“The initial thing that surprised us most was our true margin,” he says. “We were making less than we thought we were making, because once you put in labor per piece and per foot and deduct everything, we found we were about two to three points less profitable than we thought. We’ve been able to adjust and still be super competitive.”
LBM people are learning that data can tell you things traditional benchmarks or back-of-the-envelope calculations cannot. Take pricing. Many people rely on buyers, intuition, and occasional price checks of competitors to decide what to charge for goods. Do it Best’s pricing recommendations weren’t much different. Now the co-op’s pricing analysis team suggests retail prices using a database with details from myriad sources, including automated data scraping from e-commerce sites. It believes that using data as a guide will lead dealers to higher margins than they’d get from simply trusting their gut.
Improving operations through data isn’t a brand-new thing; consultant Jon Davis recalls creating spreadsheets decades ago as part of an effort at Star Lumber, in Wichita, Kan., to understand which customers were worthwhile and which should be dumped. But what they’re doing remains rare, industry observers say.
“Pre-recession, I saw a mentality that ‘sales solves everything,’” says Steve Holt, direct of implementations for Majure Data, a creator of warehousing data management software that’s based outside Atlanta in Milton, Ga. “You’re leaving a lot of money on the table.”
It’s understandable why some dealers haven’t evolved. Struggling to survive the housing crash led to budget-slashing that left management scarred. In addition, technology keeps advancing so much that one can now do things once restricted to the Fortune 500.
Consider e-commerce. Anyone who has bought a product on Amazon knows how extensively that business uses data to customize its Web pages and email promotions. But when LBM dealers and distributors create their own e-commerce offerings, they face a problem that Amazon generally doesn’t worry about: variable pricing. That practice of charging customers different amounts for the same product, even if the price differences are based on a few tiers, has left many dealers posting lots of “call for pricing” messages on their sites.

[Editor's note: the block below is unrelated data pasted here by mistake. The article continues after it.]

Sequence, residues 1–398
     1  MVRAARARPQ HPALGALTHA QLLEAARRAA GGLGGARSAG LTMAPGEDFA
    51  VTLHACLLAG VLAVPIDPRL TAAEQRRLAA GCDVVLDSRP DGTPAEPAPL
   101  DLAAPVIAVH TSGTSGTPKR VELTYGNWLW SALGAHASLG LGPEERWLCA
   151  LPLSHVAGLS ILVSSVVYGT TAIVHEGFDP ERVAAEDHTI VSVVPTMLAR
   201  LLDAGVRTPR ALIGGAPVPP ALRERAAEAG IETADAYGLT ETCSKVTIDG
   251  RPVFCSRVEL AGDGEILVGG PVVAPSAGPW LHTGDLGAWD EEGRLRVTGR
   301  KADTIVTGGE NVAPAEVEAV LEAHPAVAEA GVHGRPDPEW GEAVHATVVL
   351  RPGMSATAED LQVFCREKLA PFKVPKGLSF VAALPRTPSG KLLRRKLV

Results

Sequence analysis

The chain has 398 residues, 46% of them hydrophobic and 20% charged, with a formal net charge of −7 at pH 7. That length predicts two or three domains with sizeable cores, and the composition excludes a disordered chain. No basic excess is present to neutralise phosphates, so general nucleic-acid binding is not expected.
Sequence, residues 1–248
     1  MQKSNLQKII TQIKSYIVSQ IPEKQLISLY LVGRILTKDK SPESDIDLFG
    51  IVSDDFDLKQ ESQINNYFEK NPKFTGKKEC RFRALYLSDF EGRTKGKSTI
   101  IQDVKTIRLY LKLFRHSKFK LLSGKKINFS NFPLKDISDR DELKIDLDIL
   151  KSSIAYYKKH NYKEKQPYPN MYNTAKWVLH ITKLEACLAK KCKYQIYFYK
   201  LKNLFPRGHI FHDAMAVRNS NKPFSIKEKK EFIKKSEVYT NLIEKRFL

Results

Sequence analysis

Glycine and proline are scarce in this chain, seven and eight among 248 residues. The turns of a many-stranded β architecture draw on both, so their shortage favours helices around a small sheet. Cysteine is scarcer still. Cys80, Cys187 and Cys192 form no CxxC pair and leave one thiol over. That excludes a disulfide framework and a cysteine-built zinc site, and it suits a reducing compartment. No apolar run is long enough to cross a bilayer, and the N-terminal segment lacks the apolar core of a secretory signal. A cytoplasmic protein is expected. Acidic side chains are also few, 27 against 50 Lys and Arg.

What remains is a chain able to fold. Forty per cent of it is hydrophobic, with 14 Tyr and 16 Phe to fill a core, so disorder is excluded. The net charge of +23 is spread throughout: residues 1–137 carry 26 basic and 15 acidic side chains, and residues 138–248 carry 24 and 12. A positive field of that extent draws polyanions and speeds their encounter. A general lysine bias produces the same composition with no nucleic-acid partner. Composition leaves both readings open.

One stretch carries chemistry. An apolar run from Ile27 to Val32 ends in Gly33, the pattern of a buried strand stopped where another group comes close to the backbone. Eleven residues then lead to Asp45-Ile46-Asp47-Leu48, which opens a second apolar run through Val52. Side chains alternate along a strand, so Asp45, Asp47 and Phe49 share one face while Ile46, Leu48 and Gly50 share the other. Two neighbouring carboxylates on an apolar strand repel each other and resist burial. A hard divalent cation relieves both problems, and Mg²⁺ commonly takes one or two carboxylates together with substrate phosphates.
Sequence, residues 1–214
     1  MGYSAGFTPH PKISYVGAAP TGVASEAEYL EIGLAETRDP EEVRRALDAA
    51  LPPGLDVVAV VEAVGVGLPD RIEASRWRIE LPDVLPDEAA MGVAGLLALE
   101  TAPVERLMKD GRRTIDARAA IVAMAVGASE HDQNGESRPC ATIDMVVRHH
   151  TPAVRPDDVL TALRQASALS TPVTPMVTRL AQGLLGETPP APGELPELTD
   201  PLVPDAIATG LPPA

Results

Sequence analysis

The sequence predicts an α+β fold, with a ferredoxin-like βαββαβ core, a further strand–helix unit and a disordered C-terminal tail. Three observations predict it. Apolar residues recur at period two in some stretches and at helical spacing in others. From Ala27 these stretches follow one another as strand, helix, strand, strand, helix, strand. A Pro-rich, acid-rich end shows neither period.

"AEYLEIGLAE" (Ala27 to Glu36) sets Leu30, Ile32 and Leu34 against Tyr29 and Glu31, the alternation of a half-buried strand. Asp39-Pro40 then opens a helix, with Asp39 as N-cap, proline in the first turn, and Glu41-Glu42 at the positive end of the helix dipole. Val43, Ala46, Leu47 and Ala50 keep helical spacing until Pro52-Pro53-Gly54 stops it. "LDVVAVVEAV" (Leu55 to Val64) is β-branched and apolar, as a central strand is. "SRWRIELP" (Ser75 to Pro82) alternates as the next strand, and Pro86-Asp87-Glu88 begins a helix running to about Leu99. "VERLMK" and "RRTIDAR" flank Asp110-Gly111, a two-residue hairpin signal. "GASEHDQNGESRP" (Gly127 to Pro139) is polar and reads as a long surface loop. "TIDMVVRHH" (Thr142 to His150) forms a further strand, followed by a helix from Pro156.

That’s changing, however. Window manufacturers already offer websites in which the price shown for the window being configured will vary based on who’s doing the configuring. The price also will change depending on whether it’s the dealer or the ultimate customer doing the research.
Such services provide the kind of high-touch support that customers are expecting no matter what the dealer’s traditional opening hours are. Kuiken Brothers has learned not to ignore this expectation. The New Jersey–based dealer for several years has offered a members-only service that lets customers pay bills and review invoices, statements, and pricing. The system used to shut down between 2 a.m. and 3 a.m. to upload fresh data, but soon noticed it was getting customer complaints. It turned out that a notable number of customers were working at 2 a.m. The site now makes this information available 24/7.
Kuiken Brothers’ online service puts it in the minority among dealers, even among ProSales 100 members. Of the nation’s biggest dealers, just 15% offer online order tracking, 18% have online inventory/pricing services, and 42% maintain online customer accounts. That’s in part because dealers are notoriously stingy about IT spending; 58% of participants in the ProSales 100 said they plan to spend no more than 0.5% of this year’s sales on technology products and services.
Larry Frey, a former chief information officer for BlueLinx who now is president of the AlignIT technology consultancy, estimates the actual number is closer to 0.7% of sales. But that’s still way behind the 3.3% average that Gartner found in a survey of 19 industries.